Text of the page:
Tsung-Dao Lee

Chinese-American physicist / From Wikipedia, the free encyclopedia

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Tsung-Dao Lee (Chinese: 李政道; pinyin: Lǐ Zhèngdào; born November 24, 1926) is a Chinese-American physicist, known for his work on parity violation, the Lee–Yang theorem, particle physics, relativistic heavy ion (RHIC) physics, nontopological solitons, and soliton stars. He was a University Professor Emeritus at Columbia University in New York City, where he taught from 1953 until his retirement in 2012.[1]

Quick facts: Tsung-Dao Lee, Born, Alma mater, Known&n...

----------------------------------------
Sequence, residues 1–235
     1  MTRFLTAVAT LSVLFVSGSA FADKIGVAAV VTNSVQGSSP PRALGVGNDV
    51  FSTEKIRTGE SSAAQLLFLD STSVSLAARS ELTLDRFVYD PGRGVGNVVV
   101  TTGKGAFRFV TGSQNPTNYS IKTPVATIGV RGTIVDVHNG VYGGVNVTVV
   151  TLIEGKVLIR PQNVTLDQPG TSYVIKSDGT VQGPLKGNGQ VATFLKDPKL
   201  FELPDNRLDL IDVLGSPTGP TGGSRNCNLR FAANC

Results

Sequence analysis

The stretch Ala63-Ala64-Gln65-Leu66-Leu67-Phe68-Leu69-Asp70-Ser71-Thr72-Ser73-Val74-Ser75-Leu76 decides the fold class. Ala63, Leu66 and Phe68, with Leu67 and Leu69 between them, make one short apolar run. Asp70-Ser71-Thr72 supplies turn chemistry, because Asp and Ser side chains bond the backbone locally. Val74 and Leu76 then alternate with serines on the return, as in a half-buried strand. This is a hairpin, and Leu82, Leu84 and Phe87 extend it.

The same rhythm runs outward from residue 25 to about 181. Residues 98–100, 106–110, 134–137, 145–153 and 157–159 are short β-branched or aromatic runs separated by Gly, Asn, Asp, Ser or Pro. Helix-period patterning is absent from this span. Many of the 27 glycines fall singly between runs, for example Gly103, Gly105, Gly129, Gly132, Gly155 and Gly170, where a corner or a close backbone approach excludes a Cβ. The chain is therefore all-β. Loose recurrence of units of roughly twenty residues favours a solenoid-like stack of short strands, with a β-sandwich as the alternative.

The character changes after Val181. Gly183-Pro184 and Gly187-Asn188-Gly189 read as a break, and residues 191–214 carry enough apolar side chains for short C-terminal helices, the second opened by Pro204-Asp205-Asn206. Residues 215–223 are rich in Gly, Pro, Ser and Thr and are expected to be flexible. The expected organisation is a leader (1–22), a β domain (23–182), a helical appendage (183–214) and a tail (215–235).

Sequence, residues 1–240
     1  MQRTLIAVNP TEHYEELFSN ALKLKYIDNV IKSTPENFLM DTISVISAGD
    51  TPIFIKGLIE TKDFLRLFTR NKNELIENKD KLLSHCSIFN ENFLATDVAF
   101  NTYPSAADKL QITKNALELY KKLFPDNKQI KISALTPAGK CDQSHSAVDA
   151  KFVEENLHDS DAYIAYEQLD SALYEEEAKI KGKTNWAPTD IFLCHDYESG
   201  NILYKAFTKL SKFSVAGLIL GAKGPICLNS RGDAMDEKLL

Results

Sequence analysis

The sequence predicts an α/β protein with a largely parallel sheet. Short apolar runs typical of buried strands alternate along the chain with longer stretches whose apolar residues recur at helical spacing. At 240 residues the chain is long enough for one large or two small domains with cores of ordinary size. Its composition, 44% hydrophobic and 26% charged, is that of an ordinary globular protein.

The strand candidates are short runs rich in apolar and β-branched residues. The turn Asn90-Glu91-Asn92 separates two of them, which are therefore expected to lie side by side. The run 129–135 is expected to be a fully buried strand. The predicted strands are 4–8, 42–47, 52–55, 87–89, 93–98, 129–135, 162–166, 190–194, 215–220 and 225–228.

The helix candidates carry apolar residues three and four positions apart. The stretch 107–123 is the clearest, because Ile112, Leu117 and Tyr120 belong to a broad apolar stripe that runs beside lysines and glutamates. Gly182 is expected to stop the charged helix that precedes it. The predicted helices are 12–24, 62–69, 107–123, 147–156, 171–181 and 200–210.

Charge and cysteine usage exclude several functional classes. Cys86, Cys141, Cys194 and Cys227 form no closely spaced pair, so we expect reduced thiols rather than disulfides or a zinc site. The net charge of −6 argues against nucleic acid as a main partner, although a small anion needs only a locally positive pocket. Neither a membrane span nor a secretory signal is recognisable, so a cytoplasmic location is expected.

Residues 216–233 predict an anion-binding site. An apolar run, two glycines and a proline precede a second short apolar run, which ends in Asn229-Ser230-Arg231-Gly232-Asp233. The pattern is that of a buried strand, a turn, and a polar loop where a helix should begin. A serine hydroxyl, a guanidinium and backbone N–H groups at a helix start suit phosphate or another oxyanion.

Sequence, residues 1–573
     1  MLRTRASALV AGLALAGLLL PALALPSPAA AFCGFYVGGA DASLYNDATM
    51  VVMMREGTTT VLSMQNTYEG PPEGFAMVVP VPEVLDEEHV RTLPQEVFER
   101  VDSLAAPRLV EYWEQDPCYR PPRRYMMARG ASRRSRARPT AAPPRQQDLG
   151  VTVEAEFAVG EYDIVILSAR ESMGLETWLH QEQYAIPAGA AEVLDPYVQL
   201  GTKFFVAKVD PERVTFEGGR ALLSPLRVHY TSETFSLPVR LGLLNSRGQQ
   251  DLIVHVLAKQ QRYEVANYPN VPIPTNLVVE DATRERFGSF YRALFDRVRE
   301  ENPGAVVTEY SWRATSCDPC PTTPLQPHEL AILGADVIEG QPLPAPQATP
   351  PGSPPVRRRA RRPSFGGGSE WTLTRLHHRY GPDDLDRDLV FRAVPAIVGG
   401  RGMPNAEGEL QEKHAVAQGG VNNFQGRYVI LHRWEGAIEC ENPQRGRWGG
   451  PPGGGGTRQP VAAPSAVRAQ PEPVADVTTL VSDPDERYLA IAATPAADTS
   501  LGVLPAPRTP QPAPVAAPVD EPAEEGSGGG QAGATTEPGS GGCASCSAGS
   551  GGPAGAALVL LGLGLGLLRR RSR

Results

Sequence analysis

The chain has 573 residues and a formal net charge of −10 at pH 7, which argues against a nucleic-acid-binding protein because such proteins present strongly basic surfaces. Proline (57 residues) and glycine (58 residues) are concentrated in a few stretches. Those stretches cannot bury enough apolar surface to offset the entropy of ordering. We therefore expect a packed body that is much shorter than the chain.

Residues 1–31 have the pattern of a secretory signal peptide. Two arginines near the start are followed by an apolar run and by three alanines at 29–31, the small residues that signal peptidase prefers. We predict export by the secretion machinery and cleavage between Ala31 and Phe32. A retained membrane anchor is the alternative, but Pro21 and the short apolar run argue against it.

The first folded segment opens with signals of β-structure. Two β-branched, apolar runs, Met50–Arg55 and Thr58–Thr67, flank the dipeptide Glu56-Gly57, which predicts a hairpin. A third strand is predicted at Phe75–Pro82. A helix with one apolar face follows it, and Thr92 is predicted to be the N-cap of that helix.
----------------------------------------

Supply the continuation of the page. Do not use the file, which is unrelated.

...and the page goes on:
Tsung-Dao Lee
T. D. Lee in 1956
Born (1926-11-24) November 24, 1926 (age 96)
Alma mater
Known for
Scientific career
ThesisHydrogen Content and Energy-productive Mechanism of White Dwarfs (1950)
Doctoral advisorEnrico Fermi
Doctoral students
Chinese name

In 1957, Lee, at the age of 30, won the Nobel Prize in Physics with Chen Ning Yang[2] for their work on the violation of the parity law in weak interactions, which Chien-Shiung Wu experimentally proved from 1956 to 1957, with her legendary Wu experiment.

Lee remains the youngest Nobel laureate in the science fields after World War II. He is the third-youngest Nobel laureate in sciences in history after William L. Bragg (who won the prize at 25 with his father William H. Bragg in 1915) and Werner Heisenberg (who won in 1932 also at 30). Lee and Yang were the first Chinese laureates. Since he became a naturalized American citizen in 1962, Lee is also the youngest American ever to have won a Nobel Prize.